The Problem with Kids

Submitted into Contest #31 in response to: Write a short story about someone heading home from work.... view prompt



“Thank you so much, Harp, I owe you one,” Lillian said as she danced around her desk trying to get all her papers together.  

“Yeah, yeah, yeah, just make sure you don’t stay too late,” I told her. It was almost seven and she still wasn’t done getting everything ready for the big meeting tomorrow. I had stayed back to help her the best that I could, but I didn’t work in her department. 

She had to finish it up, but her son, Asher, got out of soccer practice in thirty minutes and I agreed to pick him up on my way home. 

“I can’t thank you enough,” Lillian said. 

“No problem,” I said, “I’ll see you tomorrow.” 

“See ya.” 

I gathered up my bag and car keys before waving as I walked out. I got into my car and began to drive off towards the soccer field. Lillian and I had been working together for almost four years, and before that, we went to the same college. Needless to say, we were close friends, but never before had I met Asher. Usually, Asher lived with his dad, so I’ve never gotten the chance to see his face, other than in pictures.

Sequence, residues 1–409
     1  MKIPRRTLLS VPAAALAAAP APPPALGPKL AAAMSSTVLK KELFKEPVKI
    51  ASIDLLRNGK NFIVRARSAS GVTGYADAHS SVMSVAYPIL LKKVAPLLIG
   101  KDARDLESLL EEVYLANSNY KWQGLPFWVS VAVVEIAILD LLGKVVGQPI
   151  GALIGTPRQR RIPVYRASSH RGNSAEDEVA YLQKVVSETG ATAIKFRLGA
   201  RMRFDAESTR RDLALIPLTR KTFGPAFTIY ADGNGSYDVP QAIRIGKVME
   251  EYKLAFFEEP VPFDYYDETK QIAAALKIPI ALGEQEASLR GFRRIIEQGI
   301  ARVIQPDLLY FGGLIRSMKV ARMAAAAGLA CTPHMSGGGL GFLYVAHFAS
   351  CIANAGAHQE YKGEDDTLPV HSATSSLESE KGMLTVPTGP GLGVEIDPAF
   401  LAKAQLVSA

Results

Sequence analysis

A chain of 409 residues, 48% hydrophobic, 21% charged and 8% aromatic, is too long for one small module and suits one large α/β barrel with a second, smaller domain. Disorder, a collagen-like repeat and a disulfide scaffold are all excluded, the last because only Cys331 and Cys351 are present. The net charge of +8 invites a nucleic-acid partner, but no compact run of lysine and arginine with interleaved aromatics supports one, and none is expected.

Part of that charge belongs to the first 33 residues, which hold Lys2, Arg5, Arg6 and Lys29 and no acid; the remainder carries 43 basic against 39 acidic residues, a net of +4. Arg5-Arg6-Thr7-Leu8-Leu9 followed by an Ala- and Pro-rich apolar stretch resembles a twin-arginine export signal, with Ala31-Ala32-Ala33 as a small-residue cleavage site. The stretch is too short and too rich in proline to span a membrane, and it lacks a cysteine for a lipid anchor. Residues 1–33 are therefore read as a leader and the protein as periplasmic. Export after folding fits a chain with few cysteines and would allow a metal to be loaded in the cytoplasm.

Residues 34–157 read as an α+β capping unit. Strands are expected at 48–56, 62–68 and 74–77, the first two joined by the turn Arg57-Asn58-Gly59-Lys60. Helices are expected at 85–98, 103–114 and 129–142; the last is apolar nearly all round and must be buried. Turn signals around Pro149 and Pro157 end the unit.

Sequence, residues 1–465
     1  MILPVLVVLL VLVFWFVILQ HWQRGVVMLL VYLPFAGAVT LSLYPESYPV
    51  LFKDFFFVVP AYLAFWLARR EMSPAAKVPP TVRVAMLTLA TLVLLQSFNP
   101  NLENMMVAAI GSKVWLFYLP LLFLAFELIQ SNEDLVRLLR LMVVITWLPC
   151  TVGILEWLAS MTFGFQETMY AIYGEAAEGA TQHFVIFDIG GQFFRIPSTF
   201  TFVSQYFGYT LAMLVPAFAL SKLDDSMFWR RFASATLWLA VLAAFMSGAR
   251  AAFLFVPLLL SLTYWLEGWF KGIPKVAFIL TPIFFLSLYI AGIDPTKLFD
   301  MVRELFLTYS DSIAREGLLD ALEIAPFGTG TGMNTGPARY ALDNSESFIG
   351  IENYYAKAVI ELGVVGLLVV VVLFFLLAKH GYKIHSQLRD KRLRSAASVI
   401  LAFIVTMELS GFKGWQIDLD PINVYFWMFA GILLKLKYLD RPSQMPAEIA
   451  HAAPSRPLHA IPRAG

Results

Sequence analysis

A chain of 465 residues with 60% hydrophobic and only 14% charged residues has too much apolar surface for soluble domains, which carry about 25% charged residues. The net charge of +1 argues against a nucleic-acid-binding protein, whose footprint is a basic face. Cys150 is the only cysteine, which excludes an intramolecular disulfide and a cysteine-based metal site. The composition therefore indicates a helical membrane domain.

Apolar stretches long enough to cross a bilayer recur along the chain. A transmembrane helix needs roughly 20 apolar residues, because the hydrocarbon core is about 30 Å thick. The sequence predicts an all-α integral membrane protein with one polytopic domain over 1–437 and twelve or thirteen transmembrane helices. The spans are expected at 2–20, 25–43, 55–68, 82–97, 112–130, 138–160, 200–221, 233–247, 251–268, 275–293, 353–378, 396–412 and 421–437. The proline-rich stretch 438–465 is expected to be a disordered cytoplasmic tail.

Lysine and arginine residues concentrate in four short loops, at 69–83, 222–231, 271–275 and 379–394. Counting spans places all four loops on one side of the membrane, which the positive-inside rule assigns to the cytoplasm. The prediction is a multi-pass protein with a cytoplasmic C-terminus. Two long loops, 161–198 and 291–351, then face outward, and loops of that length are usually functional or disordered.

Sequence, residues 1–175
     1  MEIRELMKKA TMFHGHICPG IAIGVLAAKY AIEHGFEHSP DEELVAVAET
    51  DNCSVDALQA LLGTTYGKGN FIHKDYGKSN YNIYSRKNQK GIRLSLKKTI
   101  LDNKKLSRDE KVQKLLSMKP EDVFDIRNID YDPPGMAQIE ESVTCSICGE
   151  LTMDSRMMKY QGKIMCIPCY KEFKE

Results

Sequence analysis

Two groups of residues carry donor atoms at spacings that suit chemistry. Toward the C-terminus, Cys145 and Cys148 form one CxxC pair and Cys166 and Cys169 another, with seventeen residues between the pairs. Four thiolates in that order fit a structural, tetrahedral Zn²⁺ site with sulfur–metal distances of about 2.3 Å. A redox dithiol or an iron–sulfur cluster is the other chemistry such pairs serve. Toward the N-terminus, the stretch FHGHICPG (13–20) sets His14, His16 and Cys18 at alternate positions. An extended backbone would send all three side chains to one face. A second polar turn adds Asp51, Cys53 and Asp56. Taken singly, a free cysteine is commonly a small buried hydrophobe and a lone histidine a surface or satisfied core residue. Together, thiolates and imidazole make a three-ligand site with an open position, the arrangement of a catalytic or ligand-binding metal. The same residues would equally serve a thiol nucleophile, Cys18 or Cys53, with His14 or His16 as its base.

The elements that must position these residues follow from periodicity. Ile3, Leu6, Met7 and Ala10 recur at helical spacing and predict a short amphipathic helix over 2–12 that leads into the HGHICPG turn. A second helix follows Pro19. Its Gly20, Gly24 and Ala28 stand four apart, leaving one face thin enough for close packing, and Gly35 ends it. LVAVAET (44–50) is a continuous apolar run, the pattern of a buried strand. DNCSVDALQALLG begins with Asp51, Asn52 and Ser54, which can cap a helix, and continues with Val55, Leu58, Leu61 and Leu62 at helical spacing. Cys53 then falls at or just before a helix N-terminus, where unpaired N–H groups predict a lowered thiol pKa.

I arrived at the soccer field and looked out over the crowd of kids, running around and kicking the ball into the net. I was never much of a sports guy, I only ever played basketball once because my parents made me, I hated it. 

I spotted Asher off in the distance, circled up with what I assumed was the rest of his team. I got out of the car and began to make my way over to the field. I reached the field just as they were finishing up, and congratulated myself on the perfect timing.  

One by one, the kids got their stuff and went to meet up with their parents. I walked up to Asher and prepared to introduce myself.

“Asher?” I asked, just to make sure I had the right kid. 

“Who wants to know?” Asher asked, turning around and staring into my eyes. 

“My name’s Harp, your mom sent me to come pick you up,” I said. 

“You’re Harper?” he snickered, “Mom talks ‘bout ca all the time. I always thought she was talkin’ ‘bout a girl.”

“Your mom is busy at work and wanted me to take you home,” I said, ignoring his comment. I’d been teased for my name ever since elementary school, I was a little desensitized to it now. 

“Yes, ma’am,” Asher tensed, snickering even more. I just rolled my eyes. In my head, I couldn’t help blaming Lillian’s ex-husband for the kid’s rude behavior. Of course, I would never say that to his face.

“Come on,” I said.